IDGNS: In Lenovo’s recent filings there was a comment about moving employees to geographies where it is more cost-effective to have them. How many employees are going to be moving and where?

Yang: We don’t have a big plan to move too many people from China to the U.S. or from the U.S. to China. Ward: We have 10,000 employees in the PC division. Already, before we announced this merger, 4,000 of them were in China. All of our desktop manufacturing is in China today. We have the ability to do some moves in China that Lenovo can pick up, and there are some jobs that are being filled in the United States or Europe as we separate from IBM. So we’ll have some situations where someone might be in one job today, and we’ll move them to a different job. They may become an accountant because of a finance background. But that’s sort of a person by person thing.

Our strategy right now is a strategy that says research and development should be done where smart people are, same as it is in most companies now. That’s why Intel has research in Israel as well as having research in China and the United States. We’ll do the same with our centres in Beijing; Yamato, Japan; and Raleigh, (North Carolina).

Sales has to be done where you can talk to business partners and manufacture, and supply chain should be where the supply chain is, and we’ve already moved that there now.

But I think over time this is a business where you have to constantly look for how you can do things much more efficiently.

IDGNS: Lenovo has tried and failed to expand into new areas before. This is a really big step, becoming a global business. What makes you think you will be any more successful this time?

Yang: I think the new company should focus on the desktop, but we can try new things in the Chinese market. If we can be successful in other areas, we can take them worldwide — for example, the printer and mobile phone business. We want to incubate these businesses in China.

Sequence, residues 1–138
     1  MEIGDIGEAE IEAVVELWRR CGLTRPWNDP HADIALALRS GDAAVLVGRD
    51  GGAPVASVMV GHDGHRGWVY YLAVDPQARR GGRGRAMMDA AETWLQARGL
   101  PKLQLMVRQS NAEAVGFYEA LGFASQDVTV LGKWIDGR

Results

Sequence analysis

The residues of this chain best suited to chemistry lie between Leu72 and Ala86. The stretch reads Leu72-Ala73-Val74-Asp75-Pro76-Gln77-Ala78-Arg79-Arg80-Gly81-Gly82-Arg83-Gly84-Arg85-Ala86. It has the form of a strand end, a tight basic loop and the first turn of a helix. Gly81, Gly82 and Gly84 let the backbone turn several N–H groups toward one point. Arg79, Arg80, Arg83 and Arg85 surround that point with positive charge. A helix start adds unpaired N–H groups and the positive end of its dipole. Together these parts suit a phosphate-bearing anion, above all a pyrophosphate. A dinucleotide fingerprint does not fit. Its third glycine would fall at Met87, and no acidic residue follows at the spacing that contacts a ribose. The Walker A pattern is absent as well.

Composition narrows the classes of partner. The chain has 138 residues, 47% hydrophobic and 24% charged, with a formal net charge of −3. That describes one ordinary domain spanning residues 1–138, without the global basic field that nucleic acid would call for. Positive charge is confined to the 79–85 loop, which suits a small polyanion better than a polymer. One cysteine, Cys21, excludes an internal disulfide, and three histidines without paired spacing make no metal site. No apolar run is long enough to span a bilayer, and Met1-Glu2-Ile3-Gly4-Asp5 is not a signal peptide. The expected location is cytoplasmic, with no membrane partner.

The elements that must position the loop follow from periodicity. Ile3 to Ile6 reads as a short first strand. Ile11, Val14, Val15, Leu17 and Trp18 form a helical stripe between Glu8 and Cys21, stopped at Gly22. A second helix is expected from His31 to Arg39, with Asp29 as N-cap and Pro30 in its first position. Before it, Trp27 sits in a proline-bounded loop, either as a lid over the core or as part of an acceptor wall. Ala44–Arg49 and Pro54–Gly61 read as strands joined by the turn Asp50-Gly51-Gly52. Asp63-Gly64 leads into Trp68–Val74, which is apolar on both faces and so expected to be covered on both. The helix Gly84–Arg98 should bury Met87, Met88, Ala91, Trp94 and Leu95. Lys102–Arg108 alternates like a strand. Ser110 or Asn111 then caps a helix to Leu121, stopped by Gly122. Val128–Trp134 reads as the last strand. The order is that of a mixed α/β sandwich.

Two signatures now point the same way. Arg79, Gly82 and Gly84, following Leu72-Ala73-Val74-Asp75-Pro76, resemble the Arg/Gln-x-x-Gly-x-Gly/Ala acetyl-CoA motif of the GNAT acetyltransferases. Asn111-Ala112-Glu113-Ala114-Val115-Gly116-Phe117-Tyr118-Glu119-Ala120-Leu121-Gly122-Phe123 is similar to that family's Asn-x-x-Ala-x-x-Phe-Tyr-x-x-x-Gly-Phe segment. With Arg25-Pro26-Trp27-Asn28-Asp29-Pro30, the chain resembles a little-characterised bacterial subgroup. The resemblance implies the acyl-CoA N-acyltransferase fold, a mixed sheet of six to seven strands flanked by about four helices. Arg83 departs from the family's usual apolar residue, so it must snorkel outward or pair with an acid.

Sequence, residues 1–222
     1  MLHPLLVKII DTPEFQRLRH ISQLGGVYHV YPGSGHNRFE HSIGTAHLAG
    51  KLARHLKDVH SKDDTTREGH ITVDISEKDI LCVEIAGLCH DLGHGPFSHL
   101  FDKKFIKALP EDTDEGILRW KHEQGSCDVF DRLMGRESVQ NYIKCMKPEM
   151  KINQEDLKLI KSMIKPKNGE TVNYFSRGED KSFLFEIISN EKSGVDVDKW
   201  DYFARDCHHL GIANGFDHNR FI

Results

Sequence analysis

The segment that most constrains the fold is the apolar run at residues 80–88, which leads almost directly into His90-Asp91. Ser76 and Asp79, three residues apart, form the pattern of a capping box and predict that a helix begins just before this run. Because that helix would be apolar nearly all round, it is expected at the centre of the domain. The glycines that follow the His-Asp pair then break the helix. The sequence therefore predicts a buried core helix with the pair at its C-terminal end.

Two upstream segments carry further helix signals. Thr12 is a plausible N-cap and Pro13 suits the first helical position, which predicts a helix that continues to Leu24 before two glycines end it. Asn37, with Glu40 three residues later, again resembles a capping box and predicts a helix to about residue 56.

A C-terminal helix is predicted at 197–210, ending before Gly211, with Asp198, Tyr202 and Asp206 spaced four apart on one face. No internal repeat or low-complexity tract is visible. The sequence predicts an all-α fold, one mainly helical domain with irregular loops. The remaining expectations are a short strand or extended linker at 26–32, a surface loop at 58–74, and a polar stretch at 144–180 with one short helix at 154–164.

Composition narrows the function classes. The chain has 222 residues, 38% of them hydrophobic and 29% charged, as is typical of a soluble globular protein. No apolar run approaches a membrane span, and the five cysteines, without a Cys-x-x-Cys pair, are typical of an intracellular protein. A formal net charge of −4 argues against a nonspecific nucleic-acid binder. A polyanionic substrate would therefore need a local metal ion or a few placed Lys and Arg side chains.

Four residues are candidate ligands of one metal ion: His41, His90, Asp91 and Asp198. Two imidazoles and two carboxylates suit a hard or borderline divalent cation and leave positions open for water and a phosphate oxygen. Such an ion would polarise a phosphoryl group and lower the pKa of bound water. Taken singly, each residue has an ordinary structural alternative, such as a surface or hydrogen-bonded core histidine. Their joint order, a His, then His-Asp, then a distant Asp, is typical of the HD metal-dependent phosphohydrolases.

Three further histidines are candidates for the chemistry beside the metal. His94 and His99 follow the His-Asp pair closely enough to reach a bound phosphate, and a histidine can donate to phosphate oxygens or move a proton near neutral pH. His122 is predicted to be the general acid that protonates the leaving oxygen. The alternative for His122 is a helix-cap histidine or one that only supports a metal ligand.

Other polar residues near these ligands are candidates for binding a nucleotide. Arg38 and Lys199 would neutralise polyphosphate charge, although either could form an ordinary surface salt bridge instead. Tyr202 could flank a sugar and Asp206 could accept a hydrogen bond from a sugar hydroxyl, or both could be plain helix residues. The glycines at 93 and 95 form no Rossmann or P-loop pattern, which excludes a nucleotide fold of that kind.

Ward: You should think of us as being unique in that we have three incubation centres. Our biggest one by far is China; we also have an incubation centre in Japan. And then, of course, what we do in the U.S. in large accounts.

Before this deal closes, the product line from IBM will expand. We already have the IBM products in China, so that is not an expansion market there. We don’t have the Lenovo products outside of China.

IDGNS: So will we be seeing Lenovo-branded printers and mobile phones in the United States, then?

Ward: You will see Lenovo-branded products in the United States. We haven’t decided which ones, but you will definitely see Lenovo-branded PCs and laptops, as well as IBM ThinkPad branded products in the United States.

IDGNS: Is there a plan to consolidate manufacturing in China?

Ward: It turns out that we’re growing and growing very well, so we have manufacturing plants that we need. Lenovo builds all of its desktops and has just begun to build notebooks. We build all of our notebooks and so we need the manufacturing capacity. In fact, I expect to see us grow our manufacturing capacity. What you will see us consolidate is our procurement and the supply chain of our partners.

Would you recommend this article?


Thanks for taking the time to let us know what you think of this article!
We'd love to hear your opinion about this or any other story you read in our publication.

Jim Love, Chief Content Officer, IT World Canada

Featured Download

Featured Articles

Cybersecurity in 2024: Priorities and challenges for Canadian organizations 

By Derek Manky As predictions for 2024 point to the continued expansion...

Survey shows generative AI is a top priority for Canadian corporate leaders.

Leaders are devoting significant budget to generative AI for 2024 Canadian corporate...

Related Tech News

Tech Jobs

Our experienced team of journalists and bloggers bring you engaging in-depth interviews, videos and content targeted to IT professionals and line-of-business executives.

Tech Companies Hiring Right Now